Older Women Increasingly Seek Treatment for Eating Disorders
> 7/23/2007 1:38:15 PM

The face of women seeking treatment for eating disorders, such as anorexia and bulimia is rapidly changing. Experts now report that many women in their 30 's, 40's and even 50's are seeking help for disorders that are predominently thought of as problems that apply only to younger women.

At the Renfrew Center, a foundation aimed at education, prevention, research and treatment for all eating disorders, the age of the average patient seeking treatment has seen a spike. The center reports that in 2005, 20% of patients seeking help for an eating disorder were 30 years or older. In 2006, that number was 13%. Another center, the Park Nicollet Health Services' Eating Disorders Institute had nearly four times as many women over 38 turn up for treatment this year as they had in 2003.

Speaking with USA Today, director of the outpatient programs at Renfrew, Holly Grishkat, said that of the patients over 30, each woman almost always falls into one of three categories. The first was the category of women who suffered with eating disorders in the past and left it untreated. The second were women who suffered with eating disorders that went into remission and resurfaced due to common life changes and stress. The smallest category consisted of women whose disorders emerged relatively late in their lives. Statistics released by Renfrew reveal that in 2005 of the patients over 30, almost 60% of them had reported suffering from an eating disorder during their youth. In addition, about 20% reported that the disorder was a recent development.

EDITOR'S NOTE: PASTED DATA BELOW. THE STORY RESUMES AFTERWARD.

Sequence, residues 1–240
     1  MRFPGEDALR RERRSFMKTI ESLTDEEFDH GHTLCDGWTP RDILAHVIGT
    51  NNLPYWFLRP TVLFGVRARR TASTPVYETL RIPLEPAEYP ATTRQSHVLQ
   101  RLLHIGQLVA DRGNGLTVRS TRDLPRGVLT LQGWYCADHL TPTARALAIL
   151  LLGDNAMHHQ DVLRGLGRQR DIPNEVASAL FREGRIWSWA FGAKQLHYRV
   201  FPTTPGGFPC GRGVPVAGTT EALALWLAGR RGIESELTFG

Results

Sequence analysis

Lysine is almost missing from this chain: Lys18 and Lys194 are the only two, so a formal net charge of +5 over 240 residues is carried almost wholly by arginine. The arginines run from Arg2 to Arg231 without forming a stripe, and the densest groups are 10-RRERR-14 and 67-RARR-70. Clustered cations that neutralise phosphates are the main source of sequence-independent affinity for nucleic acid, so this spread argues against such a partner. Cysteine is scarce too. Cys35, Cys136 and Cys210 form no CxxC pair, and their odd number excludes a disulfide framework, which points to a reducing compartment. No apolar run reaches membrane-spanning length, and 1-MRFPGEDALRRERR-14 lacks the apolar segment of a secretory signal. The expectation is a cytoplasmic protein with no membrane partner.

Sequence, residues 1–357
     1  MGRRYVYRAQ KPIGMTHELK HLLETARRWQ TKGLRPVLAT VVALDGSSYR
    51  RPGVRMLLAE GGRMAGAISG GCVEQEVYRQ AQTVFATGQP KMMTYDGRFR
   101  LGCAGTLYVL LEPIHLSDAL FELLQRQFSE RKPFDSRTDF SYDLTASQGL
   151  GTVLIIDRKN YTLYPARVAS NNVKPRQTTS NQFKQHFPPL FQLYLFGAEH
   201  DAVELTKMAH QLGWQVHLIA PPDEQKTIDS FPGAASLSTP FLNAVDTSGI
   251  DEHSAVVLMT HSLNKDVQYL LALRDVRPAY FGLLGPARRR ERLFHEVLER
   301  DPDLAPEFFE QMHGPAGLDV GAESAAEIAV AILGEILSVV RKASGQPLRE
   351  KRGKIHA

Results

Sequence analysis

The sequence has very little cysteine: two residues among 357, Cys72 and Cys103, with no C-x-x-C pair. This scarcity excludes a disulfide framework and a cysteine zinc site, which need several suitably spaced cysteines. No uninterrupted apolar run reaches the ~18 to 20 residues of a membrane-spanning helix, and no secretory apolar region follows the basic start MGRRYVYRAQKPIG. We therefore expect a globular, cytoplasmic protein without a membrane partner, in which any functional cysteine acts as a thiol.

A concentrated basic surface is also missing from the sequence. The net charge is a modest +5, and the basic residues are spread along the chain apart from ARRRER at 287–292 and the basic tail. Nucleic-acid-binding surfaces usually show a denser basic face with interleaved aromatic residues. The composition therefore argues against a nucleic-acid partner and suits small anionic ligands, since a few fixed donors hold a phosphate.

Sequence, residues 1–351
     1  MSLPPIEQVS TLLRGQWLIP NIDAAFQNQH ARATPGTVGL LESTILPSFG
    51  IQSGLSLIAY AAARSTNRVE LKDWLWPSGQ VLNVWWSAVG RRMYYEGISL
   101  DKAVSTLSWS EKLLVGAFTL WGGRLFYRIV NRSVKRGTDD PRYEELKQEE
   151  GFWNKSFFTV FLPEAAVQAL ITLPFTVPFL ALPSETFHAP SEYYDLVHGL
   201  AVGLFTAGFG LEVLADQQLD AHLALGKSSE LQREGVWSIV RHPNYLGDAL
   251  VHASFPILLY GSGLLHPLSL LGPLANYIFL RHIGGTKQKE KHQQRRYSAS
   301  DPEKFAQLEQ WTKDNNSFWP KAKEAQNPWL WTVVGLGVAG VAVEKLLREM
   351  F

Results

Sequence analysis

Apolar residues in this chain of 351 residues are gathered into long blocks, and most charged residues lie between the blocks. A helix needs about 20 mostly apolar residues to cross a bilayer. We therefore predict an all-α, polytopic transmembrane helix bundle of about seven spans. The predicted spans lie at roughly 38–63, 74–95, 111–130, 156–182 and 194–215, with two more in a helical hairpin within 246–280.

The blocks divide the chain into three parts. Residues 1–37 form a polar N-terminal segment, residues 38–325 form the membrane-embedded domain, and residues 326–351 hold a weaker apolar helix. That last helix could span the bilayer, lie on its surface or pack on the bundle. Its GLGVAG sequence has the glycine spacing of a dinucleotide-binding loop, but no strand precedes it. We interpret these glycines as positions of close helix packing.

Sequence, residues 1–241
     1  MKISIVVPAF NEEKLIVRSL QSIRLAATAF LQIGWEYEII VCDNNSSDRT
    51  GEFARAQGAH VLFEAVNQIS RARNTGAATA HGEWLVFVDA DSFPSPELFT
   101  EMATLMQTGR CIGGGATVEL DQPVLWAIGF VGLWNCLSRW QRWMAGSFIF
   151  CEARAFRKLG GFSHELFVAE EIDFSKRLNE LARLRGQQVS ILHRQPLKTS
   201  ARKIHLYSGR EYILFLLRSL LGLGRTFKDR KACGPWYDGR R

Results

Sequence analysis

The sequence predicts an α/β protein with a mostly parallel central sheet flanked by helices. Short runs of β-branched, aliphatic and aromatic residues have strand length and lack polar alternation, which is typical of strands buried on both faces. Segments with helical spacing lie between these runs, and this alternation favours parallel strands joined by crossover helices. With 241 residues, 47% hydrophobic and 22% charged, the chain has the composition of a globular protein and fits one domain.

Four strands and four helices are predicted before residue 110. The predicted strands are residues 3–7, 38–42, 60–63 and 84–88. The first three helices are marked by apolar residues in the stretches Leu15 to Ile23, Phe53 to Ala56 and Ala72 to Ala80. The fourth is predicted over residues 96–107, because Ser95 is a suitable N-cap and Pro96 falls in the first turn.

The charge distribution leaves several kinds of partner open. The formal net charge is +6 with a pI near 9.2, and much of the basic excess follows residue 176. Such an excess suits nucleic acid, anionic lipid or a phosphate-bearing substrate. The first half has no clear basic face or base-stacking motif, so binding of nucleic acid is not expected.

It appears that the overall number of women affected by eating disorders may not be rising so much as women are remaining symptomatic longer and increasingly seeking treatment when they might not have in the past. Many experts believe that older women have more stress in their lives than younger women. Older women often must deal with the stress brought on by divorce, aging parents, and work, at a much higher level than younger women. This can lead to a situation wherein symtoms can reemerge after years of relative dormancy, while some have postulated that many women in "mid-life" reflect on their body image after having children and believe it's time for them to take steps in "turning back the clock" but then go too far.

Referring to the percentage of older patients seeking treatment for the disorder, Holly Grishkat told USA Today:

"It's not a lost cause at 30, 40, 50 years old (to seek treatment). You can still get better. In some sense, the older women do better in recovery than younger women. They tend to be more motivated.�

What the statistics really reveal is that at any age, body consciousness can become an issue for women. Age is not a factor, and the shame and embarrassment associated with the disorder should dissolve so there can be a unifying treatment strategy to keep women and men on track to a healty life.


Take care of your body. It's the only place you have to live.
buy viagra
generic cialis, viagra, levitra
buy viagra
buy levitra
buy cialis
Posted by: Loretta 2/26/2008 8:08:32 AM

Post Your Comments

Post a comment
Email Address:
Verification Code:
Input the 8 characters you see above:


Drug Abuse
Sexual Addiction
Eating Disorders
Alzheimer's Disease

About TOL | Contact Us | Defining Behavioral Fitness | For Healthcare Professionals | Links | Privacy Policy